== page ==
Emelina Cruz-reyes De Segovia, Petitioner, v. Immigration and Naturalization Service, Respondent, 989 F.2d 499 (6th Cir. 1993)

Annotate this Case
US Court of Appeals for the Sixth Circuit - 989 F.2d 499 (6th Cir. 1993) March 17, 1993

Before MILBURN and DAVID A. NELSON, Circuit Judges, and CONTIE, Senior Circuit Judge.


ORDER

Emelina Cruz-Reyes De Segovia is a Cuban native who seeks review of a Board of Immigration Appeals order which denied her petition for relief from deportation under section 212(c) of the Immigration and Nationality Act, 8 U.S.C. § 1182(c). Her case has been referred to a panel of this court pursuant to Rule 9(a), Rules of the Sixth Circuit. The parties have waived oral argument, and the panel unanimously agrees that oral argument is not needed in this case. Fed. R. App. P. 34(a).

De Segovia emigrated to the United States from Cuba in 1980. In 1981, she married a United States citizen, Flavio De Segovia. They were divorced for a time, but continued their relationship and purchased a home together in Minnesota. De Segovia rented part of this home to her nephew and another individual who were trafficking in cocaine.

In 1991, Mrs. De Segovia was charged with deportability after being convicted of conspiracy to possess with the intent to distribute cocaine. 8 U.S.C. § 1251(a) (2) (B) (i). She conceded deportability and applied for an equitable waiver of deportation pursuant to § 212(c). An immigration judge ("IJ") denied her application, and the Board of Immigration Appeals dismissed her appeal on October 1, 1992. De Segovia now seeks judicial review of the Board's order.

In determining whether the Board abused its discretion, we consider whether it denied De Segovia's application without a rational explanation, inexplicably departed from established policies, or relied on an impermissible basis such as invidious discrimination against a particular race or group. See Balani v. INS, 669 F.2d 1157, 1161 (6th Cir. 1982) (per curiam). De Segovia has not argued that the Board's order was discriminatory. In addition, the Board followed established policies by balancing adverse factors that evidenced De Segovia's undesirability as a permanent resident against social and humane considerations to determine whether granting § 212(c) relief was in the best interest of the country. See Matter of Marin, 16 I. & N. Dec. 581, 584-85 (BIA 1978). Finally, an examination of the equities involved indicates that the Board did provide a rational basis for its decision.

The IJ found that De Segovia was required to show unusual or outstanding equities because of her drug conviction. Cf. Ayala-Chavez v. INS, 944 F.2d 638, 641 (9th Cir. 1991). In addition, the IJ found that De Segovia was a willing participant in the cocaine operation and that she had been arrested for disorderly conduct and for petty larceny and possession of stolen property in 1983. These adverse factors were balanced against several equitable considerations including De Segovia's residency in the United States since 1980, and the fact that she had remarried her husband, a resident of the United States. The IJ also noted De Segovia's testimony which indicated that she would suffer persecution if she were forced to return to Cuba. Nevertheless, the IJ declined to find that these equities were unusual or outstanding or that they were sufficient to overcome the evidence regarding her conviction. Consequently, he ordered De Segovia's deportation to Ecuador, or to Cuba if Ecuador would not accept her.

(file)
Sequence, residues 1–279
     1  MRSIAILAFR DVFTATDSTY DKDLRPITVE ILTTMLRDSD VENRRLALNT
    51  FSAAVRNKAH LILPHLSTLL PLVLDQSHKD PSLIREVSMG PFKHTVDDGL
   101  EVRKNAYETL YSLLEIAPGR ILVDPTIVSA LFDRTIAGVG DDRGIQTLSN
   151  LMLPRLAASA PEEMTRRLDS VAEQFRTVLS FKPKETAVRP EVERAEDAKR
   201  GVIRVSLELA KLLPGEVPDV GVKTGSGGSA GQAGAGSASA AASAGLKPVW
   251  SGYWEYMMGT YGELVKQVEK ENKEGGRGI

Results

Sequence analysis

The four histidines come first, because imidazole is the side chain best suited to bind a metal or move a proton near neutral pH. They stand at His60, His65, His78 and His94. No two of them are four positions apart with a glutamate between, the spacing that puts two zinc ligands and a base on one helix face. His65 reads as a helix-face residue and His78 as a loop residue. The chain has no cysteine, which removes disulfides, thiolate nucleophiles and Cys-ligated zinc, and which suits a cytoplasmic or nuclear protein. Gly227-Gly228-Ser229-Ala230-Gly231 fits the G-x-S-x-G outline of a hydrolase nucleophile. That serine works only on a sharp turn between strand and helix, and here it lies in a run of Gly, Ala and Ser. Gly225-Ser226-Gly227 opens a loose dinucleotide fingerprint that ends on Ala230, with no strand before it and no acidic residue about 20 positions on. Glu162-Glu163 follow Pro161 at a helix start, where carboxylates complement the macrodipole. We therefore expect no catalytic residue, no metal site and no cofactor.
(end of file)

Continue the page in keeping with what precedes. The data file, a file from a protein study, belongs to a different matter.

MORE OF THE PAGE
De Segovia had the burden of demonstrating that her application for a waiver from deportation deserved favorable consideration. See Villarreal-San Miguel v. INS, 975 F.2d 248, 250 (5th Cir. 1992). She argues that the IJ failed to consider medical records which demonstrate that she had a manic depressive disorder and borderline personality. In essence, she argues that her mental condition made her susceptible to threats from her nephew and others who coerced her cooperation in the drug operation. However, the IJ considered De Segovia's demeanor at her hearing as well as her testimony regarding disability benefits that she had received because of a mental impairment. Moreover, the Board's order clearly states that it reviewed the disputed records and found that they would probably not change the result in this case.

De Segovia also argues that her presentence report shows that she was only a minor participant in the drug operation. However, the report also indicates that De Segovia had acted as a translator for her nephew during drug transactions and that she had personally sold approximately 8 grams of cocaine to an undercover agent. Therefore, the Board did not abuse its discretion by disagreeing with De Segovia as to the level of her participation.

Finally, De Segovia argues that the Board and the IJ failed to consider evidence of her rehabilitation. Cf. Akinyemi v. INS, 969 F.2d 285, 289-90 (7th Cir. 1992). In the present case, the IJ's decision identifies rehabilitation as a favorable consideration. The IJ described several exhibits which supported De Segovia's contention that she was a model prisoner and that she had performed volunteer work in prison. He also elicited testimony and admitted evidence regarding De Segovia's rehabilitation at the hearing. Therefore, De Segovia's attempts at rehabilitation were adequately considered before her request for a waiver was denied. See Vergara-Molina v. INS, 956 F.2d 682, 685 (7th Cir. 1992).

Accordingly, the Board's order is affirmed. Rule 9(b) (3), Rules of the Sixth Circuit.